Long ago while I was a summer college student salesmen with The Southwestern Company, I heard a motivational speech by the late great Mort Utley. He spoke on the 5 key principles of success. After over 30 years I’ve not forgotten them and realize that I have incorporated them into all I do, think, teach, coach and counsel – from my children to my corporate sales training and management consulting clients.
The 5 Principles are 1) Think big, 2) Know what you want, 3) Do your homework, 4) Have a positive mental attitude, and 5) Value and manage your time. Wisdom and fundamentals never go out of style.
When you think big, something always happens. Many people think small and achieve something less than they really could have achieved. Winners see the possibilities, reach out farther and swing for fences. Big dreams, big thoughts and big goals yield results far beyond the masses. In sales, those that think big set big goals. Shooting for 200% may only produce 120%. Aiming for 100% might only achieve 80%. Expectations drive everything. Set them appropriately, not unreasonably, and you will exceed mundane expectations all around you. Whether it’s your revenue growth target, new customer acquisitions, territory penetration, career or personal family aspirations, think big and watch what happens.
Understand what you want to achieve, and then set goals to get there. One has to know the target before one can hit a bullseye. Focus and determination need to chase a goal. In sales we have quota targets and objectives. We also have bands of time in quarters, months, weeks, days and hours. We can break down our goals into chunks of manageable and observable time. Now we have something to work toward. I was taught once and now always say: “There are those that make excuses and those that find a way.” Once I know my manageable target, it was then on me to simply find a way to obtain it.
Knowledge and skill breeds confidence and competence. Get the prep work done and study what needs to be mastered and understood. Amazing how many around us don’t put in the time to become prepared. Whether it a sales pitch, customer presentation, product information, competitive material, industry knowledge or staying current and relevant with selling best-practices, the best of the best come ready for battle. There’s but a small difference between successful and highly effective people and those who are not – successful and effective people do their homework.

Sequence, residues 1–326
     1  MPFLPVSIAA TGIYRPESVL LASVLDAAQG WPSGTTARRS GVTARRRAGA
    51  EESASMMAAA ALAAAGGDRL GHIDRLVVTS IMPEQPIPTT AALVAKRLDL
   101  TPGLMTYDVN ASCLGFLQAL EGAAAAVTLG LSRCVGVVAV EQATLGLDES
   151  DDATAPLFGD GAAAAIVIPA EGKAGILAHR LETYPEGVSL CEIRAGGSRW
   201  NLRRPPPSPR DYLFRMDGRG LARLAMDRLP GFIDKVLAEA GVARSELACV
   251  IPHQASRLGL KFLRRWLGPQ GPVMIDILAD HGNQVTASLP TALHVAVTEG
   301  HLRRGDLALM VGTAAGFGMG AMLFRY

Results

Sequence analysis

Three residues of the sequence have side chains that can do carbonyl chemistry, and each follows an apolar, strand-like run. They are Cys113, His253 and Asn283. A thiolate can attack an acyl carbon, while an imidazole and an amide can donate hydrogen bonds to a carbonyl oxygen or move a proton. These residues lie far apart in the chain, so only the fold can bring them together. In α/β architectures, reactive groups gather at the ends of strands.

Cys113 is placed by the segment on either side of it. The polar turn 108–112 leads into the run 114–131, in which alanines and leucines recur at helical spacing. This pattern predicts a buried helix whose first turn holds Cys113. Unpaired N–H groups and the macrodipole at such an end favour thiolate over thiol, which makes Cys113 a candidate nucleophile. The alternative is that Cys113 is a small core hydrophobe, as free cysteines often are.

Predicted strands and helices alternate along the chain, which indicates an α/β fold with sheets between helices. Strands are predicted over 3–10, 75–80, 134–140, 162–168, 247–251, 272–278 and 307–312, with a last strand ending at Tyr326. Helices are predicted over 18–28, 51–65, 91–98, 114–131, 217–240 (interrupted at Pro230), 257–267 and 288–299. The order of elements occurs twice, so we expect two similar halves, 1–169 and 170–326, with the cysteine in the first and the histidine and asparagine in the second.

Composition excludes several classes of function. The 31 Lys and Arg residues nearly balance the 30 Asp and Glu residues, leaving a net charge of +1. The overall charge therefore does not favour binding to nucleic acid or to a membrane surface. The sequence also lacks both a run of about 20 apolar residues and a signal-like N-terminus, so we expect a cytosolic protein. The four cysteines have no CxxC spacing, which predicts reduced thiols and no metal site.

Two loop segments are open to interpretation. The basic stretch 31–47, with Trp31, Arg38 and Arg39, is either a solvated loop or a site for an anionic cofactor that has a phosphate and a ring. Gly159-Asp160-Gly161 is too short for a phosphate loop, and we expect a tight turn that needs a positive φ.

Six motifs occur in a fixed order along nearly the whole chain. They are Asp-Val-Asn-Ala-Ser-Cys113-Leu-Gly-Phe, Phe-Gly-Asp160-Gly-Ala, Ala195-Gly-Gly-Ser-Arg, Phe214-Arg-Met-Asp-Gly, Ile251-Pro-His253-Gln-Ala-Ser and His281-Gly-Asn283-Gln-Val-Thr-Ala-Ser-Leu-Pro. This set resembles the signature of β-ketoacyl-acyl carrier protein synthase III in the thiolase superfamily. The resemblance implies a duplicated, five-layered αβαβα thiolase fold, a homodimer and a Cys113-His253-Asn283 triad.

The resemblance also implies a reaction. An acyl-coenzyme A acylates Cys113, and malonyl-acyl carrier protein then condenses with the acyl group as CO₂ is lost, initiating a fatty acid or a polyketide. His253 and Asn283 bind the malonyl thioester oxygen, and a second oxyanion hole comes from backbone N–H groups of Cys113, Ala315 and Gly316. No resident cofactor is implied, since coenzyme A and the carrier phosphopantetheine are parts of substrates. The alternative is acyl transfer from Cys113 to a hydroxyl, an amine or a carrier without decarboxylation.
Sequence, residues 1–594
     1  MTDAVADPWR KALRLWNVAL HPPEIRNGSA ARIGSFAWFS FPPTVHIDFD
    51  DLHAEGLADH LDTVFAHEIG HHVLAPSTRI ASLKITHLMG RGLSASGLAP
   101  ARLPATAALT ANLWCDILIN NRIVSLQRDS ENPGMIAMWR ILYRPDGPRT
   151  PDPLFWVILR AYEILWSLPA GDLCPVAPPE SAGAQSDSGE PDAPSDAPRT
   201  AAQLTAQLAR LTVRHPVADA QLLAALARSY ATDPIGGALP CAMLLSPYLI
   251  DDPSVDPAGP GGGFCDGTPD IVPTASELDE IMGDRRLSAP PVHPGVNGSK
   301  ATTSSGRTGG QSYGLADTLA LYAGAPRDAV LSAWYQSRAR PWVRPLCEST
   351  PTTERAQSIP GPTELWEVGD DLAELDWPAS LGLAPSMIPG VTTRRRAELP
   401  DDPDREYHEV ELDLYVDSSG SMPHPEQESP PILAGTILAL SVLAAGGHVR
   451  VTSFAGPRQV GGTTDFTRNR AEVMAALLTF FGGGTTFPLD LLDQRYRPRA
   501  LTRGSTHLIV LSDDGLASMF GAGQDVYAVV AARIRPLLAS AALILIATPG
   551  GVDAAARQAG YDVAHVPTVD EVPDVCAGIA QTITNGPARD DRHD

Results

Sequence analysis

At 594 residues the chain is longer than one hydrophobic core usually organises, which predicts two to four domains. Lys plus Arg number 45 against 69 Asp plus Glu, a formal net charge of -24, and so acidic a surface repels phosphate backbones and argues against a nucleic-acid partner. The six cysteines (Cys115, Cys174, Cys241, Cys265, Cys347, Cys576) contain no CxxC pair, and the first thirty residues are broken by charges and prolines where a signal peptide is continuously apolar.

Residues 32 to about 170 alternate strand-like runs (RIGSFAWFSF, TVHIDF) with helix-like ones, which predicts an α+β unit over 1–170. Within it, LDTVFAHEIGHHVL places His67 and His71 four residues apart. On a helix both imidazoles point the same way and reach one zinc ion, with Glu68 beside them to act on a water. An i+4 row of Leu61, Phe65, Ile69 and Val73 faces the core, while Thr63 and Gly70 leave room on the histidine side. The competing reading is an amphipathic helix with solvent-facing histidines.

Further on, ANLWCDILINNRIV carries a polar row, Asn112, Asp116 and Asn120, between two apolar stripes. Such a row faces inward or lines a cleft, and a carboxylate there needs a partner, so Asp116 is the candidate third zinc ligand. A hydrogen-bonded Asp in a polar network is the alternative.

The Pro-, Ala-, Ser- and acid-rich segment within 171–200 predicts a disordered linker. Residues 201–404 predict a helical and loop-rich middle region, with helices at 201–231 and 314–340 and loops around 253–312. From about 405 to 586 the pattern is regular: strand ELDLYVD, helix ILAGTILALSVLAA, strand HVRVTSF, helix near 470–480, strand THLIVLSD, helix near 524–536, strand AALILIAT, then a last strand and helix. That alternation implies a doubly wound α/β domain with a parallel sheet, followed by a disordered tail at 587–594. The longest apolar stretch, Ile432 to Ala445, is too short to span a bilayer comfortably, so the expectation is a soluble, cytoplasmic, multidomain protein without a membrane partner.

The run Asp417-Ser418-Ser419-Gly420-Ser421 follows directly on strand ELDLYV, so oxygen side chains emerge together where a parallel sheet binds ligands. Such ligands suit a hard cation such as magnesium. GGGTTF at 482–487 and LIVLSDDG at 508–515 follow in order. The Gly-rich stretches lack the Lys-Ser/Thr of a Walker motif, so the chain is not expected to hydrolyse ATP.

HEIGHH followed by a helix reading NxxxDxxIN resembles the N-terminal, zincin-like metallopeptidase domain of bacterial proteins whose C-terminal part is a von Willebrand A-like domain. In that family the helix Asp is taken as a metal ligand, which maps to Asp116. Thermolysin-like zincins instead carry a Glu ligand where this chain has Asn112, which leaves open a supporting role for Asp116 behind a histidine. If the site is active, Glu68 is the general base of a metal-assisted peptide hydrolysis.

Yes, positive mental attitude – the old PMA. Think yes, never no. Smile, never frown. Sounds old fashioned and trite. Think again. Indeed you are what you think and the attitude you bring to any situation. Many a salesperson (anybody for that matter) has gotten mired in negativity and spiralled downward. It’s how you think and deal with these trials that determine success and the ability to climb upward from doldrums. Certainly problems abound in a broken world – and with customers, products and organizations. Yet you can be a source of peace, light and correction. How you mentally and then physically approach the challenges in sales (and life) is critical to your own well-being and for those around you.
If you waste an hour, you can never replace it. The cumulative effect of competently and consistently performing prioritized activities is profound. Without a prioritized attack plan one can become overwhelmed. I see it all the time in the sales world. Large territories, numerous leads of varying quality, then add customer issues and sales process complexities. Too many moving parts; too little time. What’s a salesperson to do? Don’t panic – stay on it. Determine all valued actions, then scope and understand their impact and timing. Daily. Appropriately manage your schedule and make adjustments to the action plan as priorities move. Bottom line: do good things well and often, with an understanding and accounting for every hour.